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This software tool simulates the creation of excitons when light is absorbed by an organic semiconductor film and the subsequent exciton annihilation mechanisms that can occur, as measured by pump-probe femtosecond transient absorption spectroscopy. The tool uses a cubic lattice model to calculate a theoretical prediction for the exciton concentration in the film 100 fs after the pump pulse as a function of the pump pulse intensity. Of particular importance is the exciton delocalization radius parameter, which defines the size of the excitons and has a significant impact on the prevalence of exciton-exciton annihilation. This tool can be used to model experimental data and extract an estimate for the exciton delocalization radius.
The system is defined as a thin organic semiconductor film (~100 nm) deposited onto a thick transparent substrate (~1 mm) such as glass. When light is directed at the film, some photons with energy greater than the bandgap are absorbed by the material. Each absorbed photon creates an excited electronic state consisting of a bound electron-hole pair called an exciton. Once created, excitons in the film can undergo several different processes. The exciton can move around in the material through energy transfer. The exciton can also dissociate into an electron and hole. Finally, excitons can undergo two types of annihilation mechanisms, exciton-exciton annihilation and exciton-polaron annihilation. In exciton-exciton annihilation, when two excitons are near each other the energy from one exciton is transferred to the other. The exciton which loses its energy disappears and the exciton which gains the additional energy becomes a hot exciton. This process is also sometimes called singlet fusion. Subsequently, the hot exciton can either relax back down to its lower energy state or again dissociate into an electron and a hole. In the second type of annihilation, exciton-polaron annihilation, when an exciton and a polaron (electron or hole) are near each other, the exciton transfers its energy to the charge carrier. As a result, the exciton is removed and a hot charge carrier is created, which quickly relaxes back to its lower energy state. In an optical pump-probe experiment, the material is excited by a short laser pulse, and then the system is measured over time to determine the dynamic behavior of the system. In femtosecond transient absorption spectroscopy, the state of the system at a particular time is measured using a short pulse of multi-wavelength light covering the near infrared range. Excitons in semiconducting polymer films have a characteristic absorption region, and the near-IR absorption spectrum can be analyzed to estimate the exciton concentration at the time the spectrum is taken. This tool simulates the exciton concentration that would be measured from a near-IR absorption spectrum taken by this technique 100 fs after the pump pulse. In typical experiments of this nature, when the pump intensity is low, very few excitons are created in the polymer film and the probability of there being excitons near each other is very small. In this regime, as the pump pulse intensity increases, more photons are absorbed and the measured exciton concentration increases in a linear fashion. However, as the pump pulse intensity increases, the probability of excitons being created near each other increases, resulting in an increase in the probability of exciton-exciton annihilation. As a result, the relationship between the exciton concentration and the pump pulse intensity becomes sub-linear at higher pump pulse intensities. The transition point from the linear to sub-linear regime has been used previously to estimate the exciton delocalization radius. In organic semiconductors, excitons become delocalized when their wavefunctions extend either along a polymer backbone or between adjacent molecules. Here, as a simplification, delocalized excitons are assumed to have a spherical shape. Delocalized excitons are larger and, as a result, have an increased interaction radius. As excitons become larger, the probability of them being created near each other increases. This tool has been developed to simulate this exciton-exciton annihilation behavior in order to model experimental femtosecond pump-probe absorption spectroscopy data and extract an estimate for the exciton delocalization radius of the material being tested.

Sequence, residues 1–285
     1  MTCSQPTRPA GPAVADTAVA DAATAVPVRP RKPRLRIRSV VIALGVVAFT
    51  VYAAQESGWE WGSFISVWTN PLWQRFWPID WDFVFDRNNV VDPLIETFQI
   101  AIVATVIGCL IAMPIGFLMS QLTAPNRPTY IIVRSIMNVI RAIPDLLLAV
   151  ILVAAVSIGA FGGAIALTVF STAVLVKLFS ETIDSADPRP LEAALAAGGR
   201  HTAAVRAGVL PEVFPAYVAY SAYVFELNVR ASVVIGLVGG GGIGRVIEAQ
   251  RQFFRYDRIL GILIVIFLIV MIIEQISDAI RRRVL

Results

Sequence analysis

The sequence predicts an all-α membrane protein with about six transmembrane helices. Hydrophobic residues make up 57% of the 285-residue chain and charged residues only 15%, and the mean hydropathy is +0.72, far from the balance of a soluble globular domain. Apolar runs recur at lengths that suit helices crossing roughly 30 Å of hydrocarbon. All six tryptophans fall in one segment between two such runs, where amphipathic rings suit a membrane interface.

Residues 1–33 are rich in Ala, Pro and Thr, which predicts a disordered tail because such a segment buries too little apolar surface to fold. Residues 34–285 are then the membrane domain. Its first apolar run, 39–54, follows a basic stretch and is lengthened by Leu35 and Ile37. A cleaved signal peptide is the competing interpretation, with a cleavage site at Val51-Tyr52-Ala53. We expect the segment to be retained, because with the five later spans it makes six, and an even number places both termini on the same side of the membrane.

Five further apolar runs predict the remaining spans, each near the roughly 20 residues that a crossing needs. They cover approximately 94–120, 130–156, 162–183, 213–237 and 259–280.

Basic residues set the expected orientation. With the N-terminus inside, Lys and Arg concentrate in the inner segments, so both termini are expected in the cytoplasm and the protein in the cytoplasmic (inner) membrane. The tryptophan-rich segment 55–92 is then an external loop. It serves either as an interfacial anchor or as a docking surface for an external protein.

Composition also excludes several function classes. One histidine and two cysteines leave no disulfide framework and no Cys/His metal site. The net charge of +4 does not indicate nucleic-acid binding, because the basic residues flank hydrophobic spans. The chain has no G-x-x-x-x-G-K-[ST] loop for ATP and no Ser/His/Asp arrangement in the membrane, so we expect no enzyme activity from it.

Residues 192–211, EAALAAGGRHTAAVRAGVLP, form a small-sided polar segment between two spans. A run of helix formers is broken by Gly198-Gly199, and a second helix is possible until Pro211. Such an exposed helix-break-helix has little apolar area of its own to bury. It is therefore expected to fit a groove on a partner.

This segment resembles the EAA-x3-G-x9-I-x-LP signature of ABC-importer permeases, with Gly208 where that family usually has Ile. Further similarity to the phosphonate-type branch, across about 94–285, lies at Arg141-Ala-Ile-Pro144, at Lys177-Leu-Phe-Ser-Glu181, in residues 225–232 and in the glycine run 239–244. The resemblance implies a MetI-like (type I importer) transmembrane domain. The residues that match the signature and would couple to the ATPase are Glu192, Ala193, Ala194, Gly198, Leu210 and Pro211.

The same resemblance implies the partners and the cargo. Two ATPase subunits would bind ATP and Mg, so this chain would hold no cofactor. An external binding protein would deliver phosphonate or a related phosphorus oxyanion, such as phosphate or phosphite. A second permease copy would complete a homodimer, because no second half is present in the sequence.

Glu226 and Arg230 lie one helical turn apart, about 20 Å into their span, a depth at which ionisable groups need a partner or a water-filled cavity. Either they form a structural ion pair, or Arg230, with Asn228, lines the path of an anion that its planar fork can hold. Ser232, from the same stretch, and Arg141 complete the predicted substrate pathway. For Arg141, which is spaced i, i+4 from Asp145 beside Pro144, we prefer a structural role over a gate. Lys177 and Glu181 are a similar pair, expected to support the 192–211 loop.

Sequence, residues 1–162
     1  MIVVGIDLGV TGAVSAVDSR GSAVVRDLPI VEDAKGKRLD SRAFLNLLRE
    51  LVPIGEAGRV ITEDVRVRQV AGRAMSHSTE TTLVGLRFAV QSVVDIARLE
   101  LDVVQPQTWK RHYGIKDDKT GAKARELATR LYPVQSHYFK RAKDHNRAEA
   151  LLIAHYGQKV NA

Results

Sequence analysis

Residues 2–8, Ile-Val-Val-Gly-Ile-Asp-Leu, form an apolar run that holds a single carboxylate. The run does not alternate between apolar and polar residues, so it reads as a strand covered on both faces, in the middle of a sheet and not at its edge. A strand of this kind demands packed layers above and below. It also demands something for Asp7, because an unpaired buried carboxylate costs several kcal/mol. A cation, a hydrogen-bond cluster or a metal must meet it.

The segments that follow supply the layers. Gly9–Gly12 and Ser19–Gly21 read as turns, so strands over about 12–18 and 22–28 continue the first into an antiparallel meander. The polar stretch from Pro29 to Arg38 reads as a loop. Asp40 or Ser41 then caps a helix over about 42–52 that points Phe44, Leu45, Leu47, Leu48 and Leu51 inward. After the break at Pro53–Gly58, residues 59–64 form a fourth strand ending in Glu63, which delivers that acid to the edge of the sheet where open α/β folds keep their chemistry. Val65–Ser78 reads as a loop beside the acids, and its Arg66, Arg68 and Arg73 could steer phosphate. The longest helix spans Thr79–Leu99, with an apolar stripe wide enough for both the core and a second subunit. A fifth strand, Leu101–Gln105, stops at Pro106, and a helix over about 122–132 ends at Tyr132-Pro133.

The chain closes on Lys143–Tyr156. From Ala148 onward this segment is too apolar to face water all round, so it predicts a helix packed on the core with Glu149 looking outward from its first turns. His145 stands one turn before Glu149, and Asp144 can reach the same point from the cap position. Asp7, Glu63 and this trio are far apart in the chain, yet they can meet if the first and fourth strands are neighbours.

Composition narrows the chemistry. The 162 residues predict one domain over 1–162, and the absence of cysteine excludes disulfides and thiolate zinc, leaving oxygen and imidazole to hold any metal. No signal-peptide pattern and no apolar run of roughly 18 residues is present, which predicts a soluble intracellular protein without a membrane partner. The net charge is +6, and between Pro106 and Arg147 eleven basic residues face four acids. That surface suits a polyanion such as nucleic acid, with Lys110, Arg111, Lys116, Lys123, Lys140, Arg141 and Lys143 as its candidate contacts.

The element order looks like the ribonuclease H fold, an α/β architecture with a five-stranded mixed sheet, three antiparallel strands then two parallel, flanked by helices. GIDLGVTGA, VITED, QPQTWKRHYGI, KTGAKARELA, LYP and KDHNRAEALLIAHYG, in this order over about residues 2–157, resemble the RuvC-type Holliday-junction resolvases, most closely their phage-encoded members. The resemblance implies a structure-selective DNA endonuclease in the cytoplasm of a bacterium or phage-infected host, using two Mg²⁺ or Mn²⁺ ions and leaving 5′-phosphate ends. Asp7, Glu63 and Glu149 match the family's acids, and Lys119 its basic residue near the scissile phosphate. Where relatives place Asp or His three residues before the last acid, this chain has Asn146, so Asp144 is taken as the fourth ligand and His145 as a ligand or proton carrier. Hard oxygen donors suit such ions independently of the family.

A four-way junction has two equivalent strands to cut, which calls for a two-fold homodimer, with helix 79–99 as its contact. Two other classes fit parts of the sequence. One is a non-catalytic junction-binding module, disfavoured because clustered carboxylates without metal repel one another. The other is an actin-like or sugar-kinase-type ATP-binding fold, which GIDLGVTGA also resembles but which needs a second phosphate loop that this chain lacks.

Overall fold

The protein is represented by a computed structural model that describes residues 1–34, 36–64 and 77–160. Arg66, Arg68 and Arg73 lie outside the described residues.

This tool uses a simple optical model to calculate the initial absorption of the pump pulse, and then uses a cubic lattice model to simulate the subsequent exciton dissociation and exciton annihilation mechanisms that occur within 100 fs. More details about the methodology and application of this tool can be found in my JPCC paper.
Note To Users:
If you have any questions or would like to see new features added, please let me know. If you are interested in customizing this tool for a particular material, I am open to collaboration.
Thank you to Prof. Ali Dhinojwala for supporting this work.
The University of Akron
Cite this work
Researchers should cite this work as follows:
M. C. Heiber and A. Dhinojwala, Estimating the magnitude of exciton delocalization in regioregular P3HT, J. Phys. Chem. C 117, 21627 (2013). doi:10.1021/jp403396v
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